V R K o 7 .P I G VRE 35 PLANE '>* I ^__ ^r 11 . : ?- -.c. at W C.

will be a horizontal line parallel to FG. and In dealing with objects which have the same contour in side as in front elevation. [53] . a line to the elevation It is clear .ARTICLE XIX The Shadows of Dormers. Chimneys. CD plane. in through A. Figure 36 shows the shadow of a dormer with a same as that given above. Through A 2 draw 3 3 making angle 3 A 2 B 2 equal to the slope of the roof on which the shadow vation of the roof and resenting its is to be cast. Since the roof is an inclined plane whose plan cannot be represented by a line. (rf) that the shadow F 2S 2S in front elevation. give the levels of the shadows of those points in front elevation (b) that the shadow of the eaves line AE. and that the shadow C 2S B 2S is cast by BC. By simply drawing on the front elevation a line representing the side elevation of the roof. Shadows of Chimneys on Roofs. or whatever contour plane is involved. in such position with reference to the profile of the object as it would have in side elevation. as A. it is generally unnecessary to draw a side elevation of the object when the front elevation may be used for the side. Etc. A2 D 2 C 2 rep- front face. The method of obtaining the shadow is in the preceding cases of shadows of dormers. (c) that the shadow F 2S parallel to the roof. For example. A 2S to the front elevation A 28 of the shadow.) To find the shadow of any point. we use in this case the side elevation. that does not cast shadow. . the hip-roof. to cast same way. when the shadows have been cast on the dormer. from the construction that G H . on the front elevation itself A2 A 28 of the ray. in front elevation. let us suppose that the depth of the chimney shown in Figure 37 is two-thirds of its width.is A is which the plane of the roof is represented by the line 3 Y3 The side elevation of the ray A 3 A^. of course. the front may be made to do duty as a side elevation. (Figure 37. which is a perpendicular line. For example. which is a horizontal line i). which is. AND 37 The Shadou's of Dormers on Roofs. is (a) the points at which the rays through various given points strike the roof in side elevation. Y 3 represent the side ele- A 2 D 2 C 2 E3 F 3 G 2 will represent the side elevation of the chimney. The shadow shadow of any other point may be cast in the It is advisable.. it is only necessary to find the point where the ray through A strikes the roof. on the roof (Figure 35). it will be evident in this case. has the same slope as the roof (Article XIII 3). of FH. perpendicular a forty-five-degree line (Article XIII 2S of FG. the shadows on the object before proceeding to cast the of the object on the roof.) The method here used is the same as that used needs no further comment. (Figures 35 and 36. and the side elevation of the shadow is A 3S From A3S we pass along the level line . Then X Y X Y3 will . wall. X . The draftsman should become apt at using such time-saving devices whenever possible. on Roofs 36 FIGURES 35.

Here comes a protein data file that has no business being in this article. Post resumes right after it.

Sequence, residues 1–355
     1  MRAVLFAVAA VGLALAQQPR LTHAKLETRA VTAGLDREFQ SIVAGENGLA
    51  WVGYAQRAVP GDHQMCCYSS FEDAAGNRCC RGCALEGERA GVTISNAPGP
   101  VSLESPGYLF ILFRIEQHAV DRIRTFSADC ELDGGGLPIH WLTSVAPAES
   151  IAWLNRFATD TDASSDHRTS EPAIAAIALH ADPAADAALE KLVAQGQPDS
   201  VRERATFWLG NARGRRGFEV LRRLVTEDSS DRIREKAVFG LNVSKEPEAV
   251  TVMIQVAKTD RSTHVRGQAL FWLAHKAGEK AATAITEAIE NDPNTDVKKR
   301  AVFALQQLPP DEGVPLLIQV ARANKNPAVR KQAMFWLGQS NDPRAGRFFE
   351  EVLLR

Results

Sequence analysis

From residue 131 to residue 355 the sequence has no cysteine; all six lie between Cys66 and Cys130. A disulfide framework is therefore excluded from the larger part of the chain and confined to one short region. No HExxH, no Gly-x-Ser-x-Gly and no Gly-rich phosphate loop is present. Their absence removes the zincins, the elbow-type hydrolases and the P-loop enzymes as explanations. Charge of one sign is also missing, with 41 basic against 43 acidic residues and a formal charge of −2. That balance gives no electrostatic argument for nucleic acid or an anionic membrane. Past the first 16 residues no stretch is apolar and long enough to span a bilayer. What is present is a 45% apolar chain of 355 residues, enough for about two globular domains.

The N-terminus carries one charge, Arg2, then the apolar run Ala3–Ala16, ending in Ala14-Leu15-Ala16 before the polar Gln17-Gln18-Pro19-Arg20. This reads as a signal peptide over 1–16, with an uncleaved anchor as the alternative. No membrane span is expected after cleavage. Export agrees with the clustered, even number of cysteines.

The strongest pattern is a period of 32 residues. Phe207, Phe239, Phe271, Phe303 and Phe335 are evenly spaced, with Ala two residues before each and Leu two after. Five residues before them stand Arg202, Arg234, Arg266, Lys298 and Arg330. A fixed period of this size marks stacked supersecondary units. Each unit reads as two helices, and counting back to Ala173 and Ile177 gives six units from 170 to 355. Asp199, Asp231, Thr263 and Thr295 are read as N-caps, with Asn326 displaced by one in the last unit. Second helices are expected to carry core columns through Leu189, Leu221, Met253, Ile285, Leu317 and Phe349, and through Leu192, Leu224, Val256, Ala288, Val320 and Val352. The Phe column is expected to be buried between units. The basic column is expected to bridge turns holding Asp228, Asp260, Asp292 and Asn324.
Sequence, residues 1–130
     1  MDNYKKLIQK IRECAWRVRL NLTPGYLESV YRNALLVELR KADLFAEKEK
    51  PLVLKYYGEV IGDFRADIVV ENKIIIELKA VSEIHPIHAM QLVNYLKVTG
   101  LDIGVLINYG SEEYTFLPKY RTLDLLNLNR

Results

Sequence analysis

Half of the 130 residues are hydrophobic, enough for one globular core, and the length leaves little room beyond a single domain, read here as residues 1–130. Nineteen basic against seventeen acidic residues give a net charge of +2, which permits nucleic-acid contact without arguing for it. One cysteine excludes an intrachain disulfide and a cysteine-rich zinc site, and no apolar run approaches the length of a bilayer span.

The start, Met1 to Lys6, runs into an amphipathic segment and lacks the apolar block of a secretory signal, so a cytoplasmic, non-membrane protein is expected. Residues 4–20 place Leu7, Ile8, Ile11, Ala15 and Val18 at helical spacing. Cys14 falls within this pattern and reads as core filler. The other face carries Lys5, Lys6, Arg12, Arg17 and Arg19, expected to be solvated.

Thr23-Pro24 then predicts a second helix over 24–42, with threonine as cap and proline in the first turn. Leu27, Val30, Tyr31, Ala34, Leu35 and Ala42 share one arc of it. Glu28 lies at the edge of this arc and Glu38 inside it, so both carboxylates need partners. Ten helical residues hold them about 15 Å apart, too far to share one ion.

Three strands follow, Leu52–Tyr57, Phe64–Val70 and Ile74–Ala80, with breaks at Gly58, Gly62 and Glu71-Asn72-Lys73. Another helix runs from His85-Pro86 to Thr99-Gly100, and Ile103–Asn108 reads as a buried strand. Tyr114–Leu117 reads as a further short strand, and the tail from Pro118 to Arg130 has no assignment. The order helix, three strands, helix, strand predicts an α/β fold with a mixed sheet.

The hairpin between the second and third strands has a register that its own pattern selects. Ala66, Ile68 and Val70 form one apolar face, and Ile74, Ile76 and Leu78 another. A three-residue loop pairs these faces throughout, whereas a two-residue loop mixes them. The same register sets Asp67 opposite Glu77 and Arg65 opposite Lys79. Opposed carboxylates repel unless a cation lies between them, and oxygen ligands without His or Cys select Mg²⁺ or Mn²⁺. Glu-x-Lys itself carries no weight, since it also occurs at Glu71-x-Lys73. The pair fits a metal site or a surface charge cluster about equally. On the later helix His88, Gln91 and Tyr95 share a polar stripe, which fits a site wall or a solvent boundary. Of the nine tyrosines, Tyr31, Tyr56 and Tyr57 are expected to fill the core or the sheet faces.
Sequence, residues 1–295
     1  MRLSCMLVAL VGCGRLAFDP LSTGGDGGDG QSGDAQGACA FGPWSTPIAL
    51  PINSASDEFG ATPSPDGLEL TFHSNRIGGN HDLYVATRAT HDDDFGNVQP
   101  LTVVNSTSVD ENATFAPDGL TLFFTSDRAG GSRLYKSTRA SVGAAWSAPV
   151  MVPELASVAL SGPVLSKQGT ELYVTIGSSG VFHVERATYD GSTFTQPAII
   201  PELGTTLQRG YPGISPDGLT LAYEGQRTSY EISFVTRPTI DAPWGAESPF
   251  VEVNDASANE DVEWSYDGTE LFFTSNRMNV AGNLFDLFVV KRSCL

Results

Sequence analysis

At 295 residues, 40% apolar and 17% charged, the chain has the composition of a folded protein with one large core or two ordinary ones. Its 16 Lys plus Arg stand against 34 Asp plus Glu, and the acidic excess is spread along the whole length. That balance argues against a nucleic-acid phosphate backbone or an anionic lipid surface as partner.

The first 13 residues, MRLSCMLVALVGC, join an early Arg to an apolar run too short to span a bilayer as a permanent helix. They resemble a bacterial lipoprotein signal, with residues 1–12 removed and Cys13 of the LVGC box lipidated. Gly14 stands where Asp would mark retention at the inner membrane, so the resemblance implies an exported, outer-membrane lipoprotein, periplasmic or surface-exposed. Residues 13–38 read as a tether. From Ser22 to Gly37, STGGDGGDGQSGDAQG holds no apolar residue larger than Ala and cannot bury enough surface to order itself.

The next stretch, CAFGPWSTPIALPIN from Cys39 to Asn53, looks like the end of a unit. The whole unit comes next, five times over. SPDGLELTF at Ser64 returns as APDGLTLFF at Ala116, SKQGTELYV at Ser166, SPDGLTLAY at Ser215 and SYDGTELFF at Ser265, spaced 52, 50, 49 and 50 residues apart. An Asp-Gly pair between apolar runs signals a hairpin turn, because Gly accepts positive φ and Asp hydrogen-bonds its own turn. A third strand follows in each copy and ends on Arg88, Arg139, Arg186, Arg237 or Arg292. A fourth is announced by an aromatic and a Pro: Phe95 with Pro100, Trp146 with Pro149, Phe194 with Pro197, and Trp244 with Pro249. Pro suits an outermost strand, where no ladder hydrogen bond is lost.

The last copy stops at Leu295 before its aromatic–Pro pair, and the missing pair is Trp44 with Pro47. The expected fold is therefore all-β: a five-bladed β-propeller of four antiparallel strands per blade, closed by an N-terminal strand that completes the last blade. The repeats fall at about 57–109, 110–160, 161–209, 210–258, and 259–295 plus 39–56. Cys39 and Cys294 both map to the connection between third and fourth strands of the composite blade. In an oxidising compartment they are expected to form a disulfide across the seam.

F I C. VR K 3 8 .

The side elevation of the right side of the raking top of the buttress. the shadow of that steps edge on one step.) Here it is convenient to use the side elevations of the buttress and of these objects might be represented in plan by lines. as E2S F 2S may be repeated on the others without being cast. now drawn at A3 D 3 F3 . (Figure 38. which here casts shadow. Assume the side elevation of the front face of the buttress to be the planes of the steps. and has the same direction with reference to them all. which is the shadow to cast the . In this case. We may now E2S F 2rt in front elevation. [55] . the part whose side elevation is E 3 F 3 casts the shadow E 3S F 3H in side elevation.ARTICLE XX Steps 38 The Shadows on FIGURES The Shadow of a Raking Buttress on a Flight o] Steps. 3S I 3S steps 3S 3S . we may determine just what part of the edge of the buttress casts shadow on any step. lines. evident that since the raking edge of the buttress is similarly situated with reference to all the which receive its shadow. etc. shadows by direct projection. proceed the rays from the upper and lower corners of any riser. It is . exactly as in the preceding article. the profile of the is the line etc. G K H G is . as E 3S F 3S back to the buttress By drawing In this case. though A 3 3 I 3 Then assume the position of the profile of the steps with reference to the front face of the buttress.

F I G V R R .39 .